a

A Hidden Life reviewed by Mark Kermode

a hidden life which is the new film by

Terrence Malick of I have to say this so

firstly it's a a partial return to form

for Terrence Malick Malick has proved

quite challenging in his recent releases

prince of carp song song which I thought

would just a terrible film I mean

genuinely terrible and I became quite

exhausted by how people because people

who love Terrence Malick we know cine s

will often stand by because what they're

thinking of is they're thinking of

Badlands and they're thinking of the

extraordinary I mean I actually

everything I think up until the Thin Red

Line so I did lose patience with Malick

and this kind of got me back on board to

some extent it is the true story of

Austrian conscientious objector francesc

Tata who refused to swear allegiance to

Hitler during Second World War

interesting as well that this now finds

itself in cinemas around the same time

as as Jo Jo rabbit which again is

dealing with that subject but in a very

very different way film begins with

trans Lee's wife living in a Dilek life

away from conflict tilling the land

laughing loving starting a family this

is very much latter-day Malik you know

handheld camera beautifully composed

fluid images of people behaving in a

sort of natural glow of nature but

clouds are gathering and this being a

Terrence Malick film there are literal

clouds gathering you know that thing is

equal to pathetic fallacy which is when

the weather gets it called that's right

in brings about pathetic fallacy means

like you know somebody is really sad and

ready and it starts raining okay so this

is the kind of you know storm clouds are

gathering and look there are big storm

clouds that are gathering which is one

of the moments in which I felt rather

too on-the-nose so along with the shots

of the trees and the grass and glorious

abundant mountains swayed in mist as

with Malik's cinema particularly

recently there's an extensive use of

voiceover which is facilitated also by

letters written between the two main

characters signature roaming cameras

with voices of wonderment as terrible

things start to replace a lost ideal

here's a clip

when they when we first met you will try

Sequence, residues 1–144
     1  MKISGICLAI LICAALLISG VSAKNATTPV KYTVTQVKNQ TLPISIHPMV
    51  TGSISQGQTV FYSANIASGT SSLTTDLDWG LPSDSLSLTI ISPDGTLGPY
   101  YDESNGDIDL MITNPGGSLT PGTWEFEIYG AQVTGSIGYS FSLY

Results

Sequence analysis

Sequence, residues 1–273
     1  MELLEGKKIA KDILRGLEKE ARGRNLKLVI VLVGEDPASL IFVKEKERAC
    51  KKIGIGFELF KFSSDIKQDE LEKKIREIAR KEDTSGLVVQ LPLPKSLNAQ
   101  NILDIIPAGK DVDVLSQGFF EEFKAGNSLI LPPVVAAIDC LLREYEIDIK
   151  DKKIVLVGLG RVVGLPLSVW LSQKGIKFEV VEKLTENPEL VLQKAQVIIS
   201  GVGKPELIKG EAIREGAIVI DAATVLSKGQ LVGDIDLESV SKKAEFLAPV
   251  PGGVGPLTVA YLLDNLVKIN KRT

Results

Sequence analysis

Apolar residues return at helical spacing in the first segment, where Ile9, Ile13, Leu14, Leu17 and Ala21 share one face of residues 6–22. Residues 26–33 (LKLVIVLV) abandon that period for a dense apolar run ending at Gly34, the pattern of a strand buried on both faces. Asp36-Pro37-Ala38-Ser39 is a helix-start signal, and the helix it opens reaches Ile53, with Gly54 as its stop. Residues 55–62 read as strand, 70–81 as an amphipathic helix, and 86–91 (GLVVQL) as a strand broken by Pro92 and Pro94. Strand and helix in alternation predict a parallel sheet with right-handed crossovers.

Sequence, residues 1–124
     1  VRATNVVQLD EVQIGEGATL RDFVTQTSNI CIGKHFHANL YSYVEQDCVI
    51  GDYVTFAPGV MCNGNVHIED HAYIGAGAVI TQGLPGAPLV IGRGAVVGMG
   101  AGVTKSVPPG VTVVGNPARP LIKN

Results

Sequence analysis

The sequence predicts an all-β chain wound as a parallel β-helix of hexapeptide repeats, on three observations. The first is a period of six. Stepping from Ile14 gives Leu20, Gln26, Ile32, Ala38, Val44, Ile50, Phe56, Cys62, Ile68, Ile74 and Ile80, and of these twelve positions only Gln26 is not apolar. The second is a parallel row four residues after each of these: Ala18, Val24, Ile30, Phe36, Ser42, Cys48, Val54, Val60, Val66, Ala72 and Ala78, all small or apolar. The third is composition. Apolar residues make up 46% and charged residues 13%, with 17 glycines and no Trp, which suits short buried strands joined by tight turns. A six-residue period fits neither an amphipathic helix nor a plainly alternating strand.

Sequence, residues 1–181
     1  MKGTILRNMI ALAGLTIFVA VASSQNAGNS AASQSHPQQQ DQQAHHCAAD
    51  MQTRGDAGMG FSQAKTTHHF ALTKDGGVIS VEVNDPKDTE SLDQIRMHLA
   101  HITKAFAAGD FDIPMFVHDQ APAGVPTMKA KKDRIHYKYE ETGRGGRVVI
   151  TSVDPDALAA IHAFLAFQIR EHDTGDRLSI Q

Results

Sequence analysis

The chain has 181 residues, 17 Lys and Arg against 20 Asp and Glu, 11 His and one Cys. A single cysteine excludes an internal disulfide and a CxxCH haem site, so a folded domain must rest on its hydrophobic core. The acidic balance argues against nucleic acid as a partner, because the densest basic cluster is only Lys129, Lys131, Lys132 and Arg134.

like now I remember that motorcycle my

best dress

[Music]

you looked at me

and I knew

[Music]

how simple life was done

[Music]

it seemed no trouble could reach our

Valley

[Music]

we lived above the clouds so you get a

sense from that you know it's I mean I

think even from just hearing that you'd

know that you're kind of it was it's a

Terrence Malick films beautifully shot

by your Whitmer who'd worked before is a

camera operator with with Malick since

new world scored by James Newton Howard

and there is a very powerful story in

here which is a story about both about

defiance about somebody somebody's quiet

defiance but also about the way in which

religious institutions in the shape of

the church basically fall in line with

something which is wicked and evil in

which the figure of Hitler is referred

to as the Antichrist and yet is somehow

facilitated by the the master nations of

the religious authorities the film was

originally titled radicand which is the

place where where France comes from and

then the new title comes from George

Eliot the Eliot quote is for the growing

good of the world is partly dependent on

unhistorical are not so ill with you and

me as they might have been is half owing

to the number who lived faithfully a

hidden life and rest in unvisited tomb

so the film is a bat is sort of like a

celebration of in much the same way this

hadn't occurred to me till just now it's

the kind of it's it's a wonderful life

thing the celebration of decency in the

face of appalling evil and what and one

of the things that he keeps being asked

is do you think this will make any

difference do you think this will my why

are you doing this because the village

and the town then turn on the family for

for standing up for having a principal

for not falling in line so you could see

it and I know some commentators have as

a commentary on what's happening at the

moment with the evangelical right in

America and you know there's been this

big schism in the church recently when

Christianity today wrote an editorial

about you know we cannot support Trump

because this is actually fundamentally

differing from our own views of morality

and this has become a very sort of hot

topic the thing you need to remember is

that this was shot the shot in shooting

began in 2016 so it kind of like we were

saying in the case of bombshell you

presume that because something happens

in the middle of of of current news

story but it wasn't actually this this

predates that and of course if you know

Malick's movies they don't specifically

they usually don't address single

contemporary issues he's much more in

the market of addressing you know

existential and quasi-religious you know

much more sort of broader themes I have

to say one of the things I found

problematic was that the music played up

the religious spiritual element in a way

and believe me I'm a sucker for that

right I mean I'm an absolute sucker for

it you know two popes two guys sitting

around talking about ontological

existence got you up pretty fine yeah

bring it on absolutely happy but even I

felt a little bit like you know mr.

Malik this scene would be better if you

just turned the soundtrack off and just

had just allowed it to play out I did

find some of that obtrusive I also found

some of it a little bit like some of

Malik's worst work has started to look

like an existential perfume advert and

although this never has that it does

have a sense at times of the indulgence

that I think unhinged some of his more

recent films but it is the best thing

he's done in a long time and it is very

very Terrence Malick

for all the good and bad that that means